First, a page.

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'Fixed notarial charges for homebuyers'

Former head of professional association argues
09 June 2011

Although the liberalization of the notarial practice in some regards should be extended, in one vital instance it needs to be reversed: the execution of house sales in the private market should not be subject to price competition, among other reasons because it is in the public interest that these are executed carefully. The former chair of the Royal Notarial Association (KNB – Koninklijke Notariële Beroepsorganisatie), Dolf Plaggemars (70), argues this in his PhD thesis, entitled ‘Is de notaris de markt meester?’ (‘Is the notary on top of the market?’). He will be awarded a PhD by the University of Groningen on 16 June 2011.

On Thursday morning 9 June in The Hague, Plaggemars’s thesis was offered to State Secretary of Justice Fred Teeven LLM and the chair of the committee to evaluate the Notaries Act, Fred Hammerstein LLM.

Quality forced out of the market

When notarial charges were liberalized in 1999, notaries did begin to compete on price. Since the average homebuyer is hardly able to assess the quality of a notary, certainly with regard to a deed that for all intents and purposes appears to be ‘standard’, a low price is often the only criterion. The result could very well be that the notary spends less time on the deed, does not check the special stipulations or set out new ones, and thus provides the Land Registry Office with incomplete records. This can have negative consequences: for the buyer, for any overlooked entitled parties and for society, which requires accurate Land Registry Office real estate records. Plaggemars points to the United States as a poor example. Homebuyers in the US are wise to insure themselves against the consequences of mistakes made during real estate transactions. Such title insurance would never have been considered in the Netherlands in the past.

Outdated ideology

It would be in the public interest if a fixed charge were once again introduced – one much higher than the cut-rate prices now sometimes being charged. Plaggemars: ‘No research has been done into how the quality of notarial practice has evolved over the past decade, but it is wrong to think that it has risen thanks to lower prices. That’s completely outdated 1990s ideology that no-one should take seriously any longer.’

Career switching

Even if this segment of the notarial market – which constitutes a percentage of the total turnover of Dutch notaries running into double figures – were to have fixed rates, this does not mean that the rest of the profession cannot be liberalized. Plaggemars is a strong advocate of further liberalization. ‘It’s remarkable that the number of notaries has increased more in the decade prior to liberalization than it did in the subsequent decade without a numerus clausus. It would be good if people from other professions could switch careers and become notaries, with a particular specialization perhaps. That would be good for both the profession and for competition. Notaries should no longer be expected to be knowledgeable about every aspect of the profession. However, there will still always be many notaries with a general practice, just like you still have many family doctors.’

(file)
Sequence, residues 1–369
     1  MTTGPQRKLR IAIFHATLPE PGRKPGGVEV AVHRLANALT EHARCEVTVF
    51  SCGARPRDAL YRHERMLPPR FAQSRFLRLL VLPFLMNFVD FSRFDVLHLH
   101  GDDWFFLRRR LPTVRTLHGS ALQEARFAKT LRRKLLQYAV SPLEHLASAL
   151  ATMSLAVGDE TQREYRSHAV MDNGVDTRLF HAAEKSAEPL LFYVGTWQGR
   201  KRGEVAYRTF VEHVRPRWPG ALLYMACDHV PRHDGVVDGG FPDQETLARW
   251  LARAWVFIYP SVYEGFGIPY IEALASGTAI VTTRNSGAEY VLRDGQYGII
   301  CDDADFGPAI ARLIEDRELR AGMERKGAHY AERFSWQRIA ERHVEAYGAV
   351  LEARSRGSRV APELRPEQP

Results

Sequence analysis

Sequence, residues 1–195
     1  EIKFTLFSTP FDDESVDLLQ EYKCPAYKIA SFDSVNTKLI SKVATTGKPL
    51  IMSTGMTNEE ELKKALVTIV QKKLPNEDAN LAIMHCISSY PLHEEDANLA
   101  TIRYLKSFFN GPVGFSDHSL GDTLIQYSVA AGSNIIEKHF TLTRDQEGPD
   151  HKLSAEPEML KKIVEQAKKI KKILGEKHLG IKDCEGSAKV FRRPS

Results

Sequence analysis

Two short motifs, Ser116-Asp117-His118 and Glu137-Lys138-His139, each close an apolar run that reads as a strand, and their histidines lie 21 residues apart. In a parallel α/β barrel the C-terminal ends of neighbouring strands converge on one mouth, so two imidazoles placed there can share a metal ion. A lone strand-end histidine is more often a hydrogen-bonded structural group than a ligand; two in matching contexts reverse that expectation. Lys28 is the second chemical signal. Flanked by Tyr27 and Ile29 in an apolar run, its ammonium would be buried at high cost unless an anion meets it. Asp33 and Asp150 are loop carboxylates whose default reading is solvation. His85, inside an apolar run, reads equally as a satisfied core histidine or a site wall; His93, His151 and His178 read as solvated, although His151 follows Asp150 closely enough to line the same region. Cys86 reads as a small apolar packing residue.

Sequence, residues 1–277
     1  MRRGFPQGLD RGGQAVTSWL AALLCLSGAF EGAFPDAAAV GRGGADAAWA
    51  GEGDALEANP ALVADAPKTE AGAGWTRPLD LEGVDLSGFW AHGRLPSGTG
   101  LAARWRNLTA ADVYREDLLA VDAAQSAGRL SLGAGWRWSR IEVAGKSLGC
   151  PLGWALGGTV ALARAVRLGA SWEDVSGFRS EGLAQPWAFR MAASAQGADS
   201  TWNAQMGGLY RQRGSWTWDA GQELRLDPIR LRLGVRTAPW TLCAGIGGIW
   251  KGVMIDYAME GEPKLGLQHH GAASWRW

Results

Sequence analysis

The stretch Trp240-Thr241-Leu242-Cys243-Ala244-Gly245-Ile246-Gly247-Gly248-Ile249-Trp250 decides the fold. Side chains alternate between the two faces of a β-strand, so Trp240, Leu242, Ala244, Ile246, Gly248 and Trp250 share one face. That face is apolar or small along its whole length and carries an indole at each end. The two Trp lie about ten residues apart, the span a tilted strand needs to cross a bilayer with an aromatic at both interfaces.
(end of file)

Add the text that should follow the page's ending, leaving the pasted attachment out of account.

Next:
European Union has opened up the market

The notarial market has been opened up further in one regard: the European Court ruled recently that notaries do not hold government authority and thus are allowed to establish their practice anywhere in the European Union. Although Plaggemars does argue in his dissertation that notaries should be considered to hold government authority, he is happy with the consequences of the decision: ‘If a German or Spaniard speaks Dutch, knows Dutch law and meets the appointment requirements, I don’t see why he or she shouldn’t be able to set up practice as a notary in the Netherlands.’


To maintain notarial practice quality levels Plaggemars wants more supervision, but he wants it to come from within the profession as well. Government supervision would be too costly, he thinks: ‘You can’t blanket the Netherlands with cameras. However, you can achieve a great deal with cooperation covenants. In addition to conducting supplementary research, the supervisory body can then carry out spot checks of the monitoring taking place, providing a general assessment.’

Curriculum Vitae

A.D. (Dolf) Plaggemars LLM (Wierden, 1940) studied law at the University of Groningen. He is a retired notary and held positions including member of the board and chair of the Royal Notarial Association (KNB – Koninklijke Notariële Beroepsorganisatie), member of the board of the BFT, the supervisory body of the notarial profession, and deputy justice for the Court of Appeal in The Hague. His supervisors were Prof. L.C.A. Verstappen and Prof. H.B. Vedder. His son and daughter will serve as paranymphs.

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Last modified:13 March 2020 01.56 a.m.
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